repulse


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re·pulse

 (rĭ-pŭls′)
tr.v. re·pulsed, re·puls·ing, re·puls·es
1. To drive back; repel: repulsed the attacking forces.
2. To rebuff or reject with rudeness, coldness, or denial.
3. Usage Problem To cause repugnance or distaste in: was repulsed by his drunken behavior.
n.
1. The act of repulsing or the state of being repulsed: the repulse of an attack.
2. Rejection; refusal: a repulse of a would-be lover's advances.

[Middle English repulsen, from Latin repellere, repuls-; see repel.]

re·puls′er n.
Usage Note: A number of language critics have maintained that repulse should only be used to mean "to drive away" (as in The infantry repulsed the attack) or "to spurn" (as in She repulsed his rude advances with a frown") and not "to cause repulsion in; disgust." Many reputable writers, however, use repulse as a synonym for disgust, just as the related words repulsion and repulsive are used to mean "disgust" and "disgusting." The verb repel is a synonym for this sense of repulse and is also standard when used in this way: "But some of the time she was repelled by even the thought of her classmates, greedy and self-absorbed" (Edith Pearlman).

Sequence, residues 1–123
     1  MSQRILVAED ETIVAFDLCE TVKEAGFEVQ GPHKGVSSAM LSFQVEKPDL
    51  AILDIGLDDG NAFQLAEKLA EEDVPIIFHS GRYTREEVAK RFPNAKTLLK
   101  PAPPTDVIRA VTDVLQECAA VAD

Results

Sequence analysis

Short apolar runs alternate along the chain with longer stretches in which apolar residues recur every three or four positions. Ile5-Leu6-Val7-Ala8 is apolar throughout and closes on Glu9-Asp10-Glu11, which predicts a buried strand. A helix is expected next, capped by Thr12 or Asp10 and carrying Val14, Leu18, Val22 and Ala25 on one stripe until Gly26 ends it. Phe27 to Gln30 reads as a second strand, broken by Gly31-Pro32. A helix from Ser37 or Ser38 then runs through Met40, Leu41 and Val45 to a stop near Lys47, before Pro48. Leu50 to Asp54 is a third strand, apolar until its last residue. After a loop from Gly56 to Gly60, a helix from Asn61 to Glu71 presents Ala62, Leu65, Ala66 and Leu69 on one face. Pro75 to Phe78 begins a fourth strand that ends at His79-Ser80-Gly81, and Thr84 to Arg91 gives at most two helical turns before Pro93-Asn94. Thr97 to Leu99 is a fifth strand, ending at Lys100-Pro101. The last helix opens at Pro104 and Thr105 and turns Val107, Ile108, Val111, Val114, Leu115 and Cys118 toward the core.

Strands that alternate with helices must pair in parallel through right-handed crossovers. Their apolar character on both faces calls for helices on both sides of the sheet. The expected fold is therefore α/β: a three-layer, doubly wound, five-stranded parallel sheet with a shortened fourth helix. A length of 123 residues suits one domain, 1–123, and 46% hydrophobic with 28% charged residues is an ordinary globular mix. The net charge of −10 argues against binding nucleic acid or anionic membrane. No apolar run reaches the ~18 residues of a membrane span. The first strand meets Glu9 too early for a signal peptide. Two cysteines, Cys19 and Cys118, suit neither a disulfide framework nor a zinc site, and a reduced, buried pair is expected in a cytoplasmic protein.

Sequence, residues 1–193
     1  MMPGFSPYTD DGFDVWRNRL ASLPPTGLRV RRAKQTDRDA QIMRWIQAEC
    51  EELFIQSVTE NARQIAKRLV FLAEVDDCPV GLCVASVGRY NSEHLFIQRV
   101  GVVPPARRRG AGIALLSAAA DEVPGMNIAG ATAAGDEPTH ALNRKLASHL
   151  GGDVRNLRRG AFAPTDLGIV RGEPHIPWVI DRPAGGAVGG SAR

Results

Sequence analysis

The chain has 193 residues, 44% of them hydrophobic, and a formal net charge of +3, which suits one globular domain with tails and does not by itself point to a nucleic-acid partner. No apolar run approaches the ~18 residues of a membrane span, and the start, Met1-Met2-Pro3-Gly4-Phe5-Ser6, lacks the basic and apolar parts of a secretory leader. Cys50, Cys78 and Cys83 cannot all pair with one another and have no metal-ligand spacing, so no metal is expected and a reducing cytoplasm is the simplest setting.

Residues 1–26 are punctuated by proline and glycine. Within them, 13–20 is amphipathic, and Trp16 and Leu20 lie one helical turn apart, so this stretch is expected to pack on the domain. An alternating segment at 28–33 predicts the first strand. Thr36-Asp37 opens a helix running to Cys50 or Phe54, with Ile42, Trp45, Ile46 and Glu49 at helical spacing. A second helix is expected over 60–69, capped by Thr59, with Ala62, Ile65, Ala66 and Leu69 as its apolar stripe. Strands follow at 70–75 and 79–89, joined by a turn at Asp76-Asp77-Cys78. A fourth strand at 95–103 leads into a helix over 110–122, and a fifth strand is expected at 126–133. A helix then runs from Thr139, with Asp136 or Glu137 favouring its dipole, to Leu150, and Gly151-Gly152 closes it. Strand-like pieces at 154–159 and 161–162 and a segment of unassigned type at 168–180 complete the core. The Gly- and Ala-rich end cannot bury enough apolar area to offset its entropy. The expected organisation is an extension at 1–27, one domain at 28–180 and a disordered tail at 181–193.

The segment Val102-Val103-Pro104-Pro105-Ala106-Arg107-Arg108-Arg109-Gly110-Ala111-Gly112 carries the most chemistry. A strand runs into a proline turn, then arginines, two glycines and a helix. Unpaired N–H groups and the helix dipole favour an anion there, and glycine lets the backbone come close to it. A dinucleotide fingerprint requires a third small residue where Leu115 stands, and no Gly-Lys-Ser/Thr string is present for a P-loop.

repulse

(rɪˈpʌls)
vb (tr)
1. (Military) to drive back or ward off (an attacking force); repel; rebuff
2. to reject with coldness or discourtesy: she repulsed his advances.
3. to produce a feeling of aversion or distaste
n
4. the act or an instance of driving back or warding off; rebuff
5. a cold discourteous rejection or refusal
[C16: from Latin repellere to drive back, repel]
reˈpulser n
Usage: Some people think that the use of repulse in sentences such as he was repulsed by what he saw is incorrect and that the correct word is repel

re•pulse

(rɪˈpʌls)

v. -pulsed, -puls•ing,
n. v.t.
1. to drive back; repel.
2. to repel with denial; refuse or reject.
3. to cause feelings of repulsion in; disgust.
n.
4. the act of repelling.
5. a refusal or rejection.
6. the fact of being repelled, as in hostile encounter.
[1375–1425; < Latin repulsus, past participle of repellere to repel]

repulse


Past participle: repulsed
Gerund: repulsing

Imperative
repulse
repulse
Present
I repulse
you repulse
he/she/it repulses
we repulse
you repulse
they repulse
Preterite